4th Battalion, Tennessee Cavalry (Branner's) (Confederate)Edit This Page

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United States Gotoarrow.png  U.S. Military Gotoarrow.png  Tennessee Gotoarrow.png   Tennessee Military Gotoarrow.png  Tennessee in the Civil War Gotoarrow.png4th Battalion, Tennessee Cavalry (Branner's)

Contents

Brief History

Also called 1st, also 2nd, East Tennessee Cavalry Battalion

This regiment was organized in August, 1861. During May, 1862, it merged into the 2nd (Ashby's) Tennessee Cavalry Regiment [1]

Companies in this Regiment with the Counties of Origin

Men often enlisted in a company recruited in the counties where they lived though not always. After many battles, companies might be combined because so many men were killed or wounded. However if you are unsure which company your ancestor was in, try the company recruited in his county first.

The information about the counties is from Tennesseans in the Civil War, (accessed 18 Nov 2011) and 4th Confederate Battalion, Tennessee Cavalry (Branner's) Roster, Transcribed by Charles L. Penick, (accessed 18 Nov 2011).


The Civil War Soldiers and Sailors database lists 766 men on its roster for this unit. Roster.

Other Sources

  • Beginning United States Civil War Research gives steps for finding information about a Civil War soldier or sailor. It covers the major records that should be used. Additional records are described in 'Tennessee in the Civil War' and 'United States Civil War, 1861 to 1865' (see below).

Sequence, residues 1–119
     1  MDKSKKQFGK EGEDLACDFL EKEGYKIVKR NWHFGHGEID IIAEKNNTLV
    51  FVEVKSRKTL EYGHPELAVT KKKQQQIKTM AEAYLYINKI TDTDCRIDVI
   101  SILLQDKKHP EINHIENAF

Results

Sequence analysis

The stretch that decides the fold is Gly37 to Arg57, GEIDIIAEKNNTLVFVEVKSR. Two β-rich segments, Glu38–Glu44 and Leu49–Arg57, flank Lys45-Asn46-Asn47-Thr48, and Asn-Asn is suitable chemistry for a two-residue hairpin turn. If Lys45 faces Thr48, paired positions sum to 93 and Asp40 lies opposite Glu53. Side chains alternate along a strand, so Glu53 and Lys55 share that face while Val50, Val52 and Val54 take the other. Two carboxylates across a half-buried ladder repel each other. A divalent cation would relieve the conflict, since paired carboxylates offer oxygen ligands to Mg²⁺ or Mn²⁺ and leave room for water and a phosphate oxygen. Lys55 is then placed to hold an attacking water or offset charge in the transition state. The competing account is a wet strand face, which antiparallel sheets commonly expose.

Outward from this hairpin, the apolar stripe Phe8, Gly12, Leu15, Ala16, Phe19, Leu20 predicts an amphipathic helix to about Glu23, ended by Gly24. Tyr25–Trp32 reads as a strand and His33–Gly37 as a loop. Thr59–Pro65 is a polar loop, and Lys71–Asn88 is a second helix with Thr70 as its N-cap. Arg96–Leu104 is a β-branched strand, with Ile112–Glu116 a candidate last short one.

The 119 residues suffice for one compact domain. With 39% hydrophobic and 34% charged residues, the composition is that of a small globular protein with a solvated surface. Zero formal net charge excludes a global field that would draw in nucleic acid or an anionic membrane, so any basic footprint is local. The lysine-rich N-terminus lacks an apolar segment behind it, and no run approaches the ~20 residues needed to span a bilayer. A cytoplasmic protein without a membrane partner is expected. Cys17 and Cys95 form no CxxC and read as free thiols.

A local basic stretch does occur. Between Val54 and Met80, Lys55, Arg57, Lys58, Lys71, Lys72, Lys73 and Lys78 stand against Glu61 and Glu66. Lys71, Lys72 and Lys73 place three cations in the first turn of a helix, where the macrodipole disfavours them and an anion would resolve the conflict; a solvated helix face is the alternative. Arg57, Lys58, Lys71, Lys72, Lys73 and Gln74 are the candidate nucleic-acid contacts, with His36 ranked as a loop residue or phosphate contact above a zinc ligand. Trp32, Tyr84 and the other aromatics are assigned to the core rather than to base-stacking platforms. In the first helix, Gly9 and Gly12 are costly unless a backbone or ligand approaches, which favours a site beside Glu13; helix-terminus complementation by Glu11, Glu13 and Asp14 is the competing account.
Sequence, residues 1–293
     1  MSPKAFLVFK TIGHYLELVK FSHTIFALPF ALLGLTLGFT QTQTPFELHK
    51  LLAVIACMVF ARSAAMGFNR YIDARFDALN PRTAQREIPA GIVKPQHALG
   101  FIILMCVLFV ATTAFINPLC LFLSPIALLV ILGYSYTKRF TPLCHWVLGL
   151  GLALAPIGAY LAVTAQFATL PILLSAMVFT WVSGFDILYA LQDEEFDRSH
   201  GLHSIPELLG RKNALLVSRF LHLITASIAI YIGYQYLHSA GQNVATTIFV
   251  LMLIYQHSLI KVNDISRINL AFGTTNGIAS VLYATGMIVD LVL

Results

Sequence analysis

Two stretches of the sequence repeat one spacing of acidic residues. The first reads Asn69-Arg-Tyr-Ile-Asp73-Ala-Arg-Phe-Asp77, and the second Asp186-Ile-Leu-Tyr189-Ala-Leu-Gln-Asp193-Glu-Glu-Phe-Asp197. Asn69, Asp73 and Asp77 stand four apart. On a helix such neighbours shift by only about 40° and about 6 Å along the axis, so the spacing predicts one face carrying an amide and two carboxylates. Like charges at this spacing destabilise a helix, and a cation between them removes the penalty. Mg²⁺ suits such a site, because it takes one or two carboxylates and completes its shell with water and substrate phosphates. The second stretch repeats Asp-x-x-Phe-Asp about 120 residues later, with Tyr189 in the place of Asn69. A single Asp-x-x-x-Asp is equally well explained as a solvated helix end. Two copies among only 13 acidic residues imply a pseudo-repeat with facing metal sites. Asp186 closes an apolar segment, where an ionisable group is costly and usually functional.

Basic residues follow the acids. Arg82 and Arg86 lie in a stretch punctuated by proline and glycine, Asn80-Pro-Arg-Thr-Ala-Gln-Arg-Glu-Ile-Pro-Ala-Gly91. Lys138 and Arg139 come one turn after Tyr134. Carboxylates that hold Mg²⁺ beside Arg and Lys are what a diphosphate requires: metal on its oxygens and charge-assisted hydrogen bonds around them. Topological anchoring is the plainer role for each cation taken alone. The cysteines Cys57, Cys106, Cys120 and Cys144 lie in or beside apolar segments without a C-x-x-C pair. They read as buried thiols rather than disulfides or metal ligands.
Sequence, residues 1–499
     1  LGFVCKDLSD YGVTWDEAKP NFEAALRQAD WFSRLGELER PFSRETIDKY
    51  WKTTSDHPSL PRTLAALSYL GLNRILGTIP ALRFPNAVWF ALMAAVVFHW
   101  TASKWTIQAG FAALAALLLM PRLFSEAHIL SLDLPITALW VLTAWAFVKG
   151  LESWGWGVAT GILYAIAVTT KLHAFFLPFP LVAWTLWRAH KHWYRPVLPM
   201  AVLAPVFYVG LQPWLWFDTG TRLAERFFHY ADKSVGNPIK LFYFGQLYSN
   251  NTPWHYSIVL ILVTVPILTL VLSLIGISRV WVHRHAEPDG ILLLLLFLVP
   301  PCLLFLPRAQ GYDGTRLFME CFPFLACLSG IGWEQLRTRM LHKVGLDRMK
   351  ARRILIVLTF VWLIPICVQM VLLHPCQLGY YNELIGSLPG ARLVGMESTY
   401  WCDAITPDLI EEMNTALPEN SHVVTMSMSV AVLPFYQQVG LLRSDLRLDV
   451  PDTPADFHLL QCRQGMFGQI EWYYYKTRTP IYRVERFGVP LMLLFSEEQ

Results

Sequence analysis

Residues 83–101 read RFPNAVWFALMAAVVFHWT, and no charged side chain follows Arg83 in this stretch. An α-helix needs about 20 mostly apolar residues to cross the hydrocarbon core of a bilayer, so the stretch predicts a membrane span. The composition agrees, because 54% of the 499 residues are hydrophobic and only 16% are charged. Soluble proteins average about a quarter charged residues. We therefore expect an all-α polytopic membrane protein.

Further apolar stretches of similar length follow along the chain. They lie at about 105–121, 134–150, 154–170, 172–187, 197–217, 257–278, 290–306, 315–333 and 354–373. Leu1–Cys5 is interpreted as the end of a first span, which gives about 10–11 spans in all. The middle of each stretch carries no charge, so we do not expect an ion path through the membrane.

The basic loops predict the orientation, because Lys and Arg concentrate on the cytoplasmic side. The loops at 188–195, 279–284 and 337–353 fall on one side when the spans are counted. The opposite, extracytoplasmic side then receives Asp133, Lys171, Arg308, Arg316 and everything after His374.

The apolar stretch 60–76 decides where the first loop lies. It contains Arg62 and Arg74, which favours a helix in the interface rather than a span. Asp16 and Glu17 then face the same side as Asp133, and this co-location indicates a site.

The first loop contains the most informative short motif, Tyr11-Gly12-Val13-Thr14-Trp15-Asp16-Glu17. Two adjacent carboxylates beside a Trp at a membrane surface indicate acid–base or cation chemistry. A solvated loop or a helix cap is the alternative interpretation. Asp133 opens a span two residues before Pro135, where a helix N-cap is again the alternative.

• National Park Service, The Civil War Soldiers and Sailors System, is searchable by soldier's name and state. It contains basic facts about soldiers on both sides of the Civil War, a list of regiments, descriptions of significant battles, sources of the information, and suggestions for where to find additional information.
  • Tennessee in the Civil War describes many Confederate and Union sources, specifically for Tennessee, and how to find them.. These include compiled service records, pension records, rosters, cemetery records, Internet databases, published books, etc.
  • United States Civil War, 1861 to 1865 describes and explains United States and Confederate States records, rather than state records, and how to find them. These include veterans’ censuses, compiled service records, pension records, rosters, cemetery records, Internet databases, published books, etc.

References

  1. National Park Service, The Civil War Soldiers and Sailors System, (accessed 6 December 2010).

 

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